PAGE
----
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Self Preservation

( Originally Published 1927 )



Seneca wrote, "Man does not die, but kills himself." This is as true of modern Americans as it was of the ancient Romans.

Barring accidents, men and women can live in good health beyond the century mark. Disease can be prevented. Old age can be outwitted. Nearly all have known `hopelessly ill" individuals who returned to health. It is obvious that if a sick person can recover one who is healthy can remain well.

All disease is one—a protest of the body against abuse, that is, a disagreeable reaction resulting from living contrary to natural laws. This is true whether the disease locates in the scalp or in the foot, or midway between. It is true at all ages. The natural and normal is health.

Formerly many babies died before attaining the age of two years. Multitudes of them still perish, but the death rate is far less than it used to be. The reason is obvious. Years ago people were not cleanly in caring for their babies, and they overfed them. There has been vast improvement in the cleanliness and some correction of the overfeeding. When parents learn to give their babies only the amount of food necessary, the infant mortality will become very small—not more than one-tenth of what it is now.

But there has been no improvement in living conditions for adults, so far as health, youth and length of days is concerned. For the man past thirty the outlook for living long is not as good as it used to be. Our knowledge has been increased, so this would seem contrary to what we have a right to expect. Why is it? Because with the broadened knowledge, many fallacies and bad habits have also become firmly established, and we pay for these mistakes in disease, debility and shortened life.

During early life the body needs much nourishment because food is required for growth and for repair, due to the great cell activity. At the age of twenty-five the average individual has attained full physical maturity. Then less food is needed, because body growth is complete and the cell activity decreases. Boys and girls are more active physically than men and women, and need more food to produce energy. After attaining the age of twenty-five years one should reduce the food intake, especially the starches and sweets.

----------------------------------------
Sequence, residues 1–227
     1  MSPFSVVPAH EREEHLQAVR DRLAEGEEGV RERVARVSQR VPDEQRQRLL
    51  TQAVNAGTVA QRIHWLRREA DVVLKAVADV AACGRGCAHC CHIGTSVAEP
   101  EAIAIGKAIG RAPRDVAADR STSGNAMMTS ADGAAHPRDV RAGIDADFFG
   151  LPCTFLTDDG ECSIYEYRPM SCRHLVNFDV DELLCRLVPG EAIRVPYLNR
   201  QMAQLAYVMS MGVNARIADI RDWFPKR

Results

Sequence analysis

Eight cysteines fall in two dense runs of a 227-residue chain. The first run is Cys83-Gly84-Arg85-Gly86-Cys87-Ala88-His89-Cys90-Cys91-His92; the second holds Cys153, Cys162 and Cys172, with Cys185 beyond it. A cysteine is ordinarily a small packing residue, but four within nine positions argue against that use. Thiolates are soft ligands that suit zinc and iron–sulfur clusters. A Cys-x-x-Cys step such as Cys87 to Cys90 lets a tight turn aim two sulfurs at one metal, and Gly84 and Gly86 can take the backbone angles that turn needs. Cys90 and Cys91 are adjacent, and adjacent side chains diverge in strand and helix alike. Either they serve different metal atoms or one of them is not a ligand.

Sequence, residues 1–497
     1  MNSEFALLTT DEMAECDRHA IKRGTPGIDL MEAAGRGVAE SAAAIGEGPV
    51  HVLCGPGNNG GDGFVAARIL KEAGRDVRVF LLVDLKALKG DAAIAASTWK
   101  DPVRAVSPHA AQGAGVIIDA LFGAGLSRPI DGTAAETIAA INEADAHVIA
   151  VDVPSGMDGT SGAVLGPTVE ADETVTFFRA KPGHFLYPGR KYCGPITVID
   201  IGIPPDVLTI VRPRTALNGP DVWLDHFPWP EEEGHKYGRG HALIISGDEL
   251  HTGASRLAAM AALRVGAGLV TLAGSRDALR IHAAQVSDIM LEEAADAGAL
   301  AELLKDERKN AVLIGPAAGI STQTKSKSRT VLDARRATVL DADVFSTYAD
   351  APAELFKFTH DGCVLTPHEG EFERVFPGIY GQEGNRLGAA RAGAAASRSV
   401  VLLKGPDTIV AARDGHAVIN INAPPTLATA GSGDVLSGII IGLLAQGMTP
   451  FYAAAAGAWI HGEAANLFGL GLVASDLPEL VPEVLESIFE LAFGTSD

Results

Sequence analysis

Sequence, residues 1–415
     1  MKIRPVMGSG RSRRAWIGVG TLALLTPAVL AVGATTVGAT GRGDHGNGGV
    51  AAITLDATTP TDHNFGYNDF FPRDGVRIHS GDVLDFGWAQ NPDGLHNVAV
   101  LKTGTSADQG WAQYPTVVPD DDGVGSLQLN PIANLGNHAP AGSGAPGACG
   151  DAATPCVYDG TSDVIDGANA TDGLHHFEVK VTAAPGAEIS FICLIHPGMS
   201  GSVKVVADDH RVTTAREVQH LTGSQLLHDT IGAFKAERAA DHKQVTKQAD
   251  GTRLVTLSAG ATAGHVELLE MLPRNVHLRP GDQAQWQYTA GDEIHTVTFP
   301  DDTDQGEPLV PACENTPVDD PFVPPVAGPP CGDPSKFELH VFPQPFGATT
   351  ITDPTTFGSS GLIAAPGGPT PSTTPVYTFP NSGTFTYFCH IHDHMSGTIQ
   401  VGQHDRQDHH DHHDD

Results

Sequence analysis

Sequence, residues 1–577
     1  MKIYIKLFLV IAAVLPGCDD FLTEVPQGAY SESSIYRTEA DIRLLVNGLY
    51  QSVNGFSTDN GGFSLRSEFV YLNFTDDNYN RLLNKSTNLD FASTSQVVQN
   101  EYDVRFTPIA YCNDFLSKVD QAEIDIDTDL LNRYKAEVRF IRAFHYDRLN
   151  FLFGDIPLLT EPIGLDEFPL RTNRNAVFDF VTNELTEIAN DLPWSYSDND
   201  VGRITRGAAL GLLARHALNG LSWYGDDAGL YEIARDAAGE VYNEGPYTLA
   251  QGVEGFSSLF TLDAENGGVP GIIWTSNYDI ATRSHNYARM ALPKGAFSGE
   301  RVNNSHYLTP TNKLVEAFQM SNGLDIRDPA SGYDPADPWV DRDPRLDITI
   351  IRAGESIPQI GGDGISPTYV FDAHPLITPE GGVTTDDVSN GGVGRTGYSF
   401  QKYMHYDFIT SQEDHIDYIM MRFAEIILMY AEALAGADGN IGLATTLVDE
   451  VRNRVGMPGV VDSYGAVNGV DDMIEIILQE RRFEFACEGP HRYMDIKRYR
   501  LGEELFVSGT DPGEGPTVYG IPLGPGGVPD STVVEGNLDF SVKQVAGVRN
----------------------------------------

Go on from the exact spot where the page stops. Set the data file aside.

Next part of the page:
If the food intake continues too great, some abnormal condition arises in the system to re-duce the years of vigor and strength, thus pro-during premature old age. Those with poor digestive organs develop indigestion, and often grow very thin. Those with good digestion and assimilation often become too stout. Many develop general hyperacidity from too free intake of food. Others digest and assimilate the food very well, but they are unable to excrete the excess waste. This waste may find lodgment in joints and muscles, where it produces discomfort, pain and stiffness, and is generally given the name of rheumatism. Or the lungs may be unduly affected, producing asthma or chronic bronchitis. Or the kidneys may bear the brunt, and then we have diabetes or Bright's disease. Or the waste material may select the arterial walls for a resting place. The waste is irritating, and as a result there is an overgrowth of fibrous tissue, which makes the arterial walls too tough. Then the blood finds too much resistance to its travel through the arteries.

Then the heart is compelled to work harder to force the blood to flow. This means increased pressure of the blood against the arterial walls, and now the process is much like the dog whirling about to catch his tail, for the more the pressure increases the more the arteries harden, and the more the arteries harden. the higher goes the pressure. At last a point is reached where either the heart, or the kidneys, or an artery gives way, and the end is usually disablement and premature death.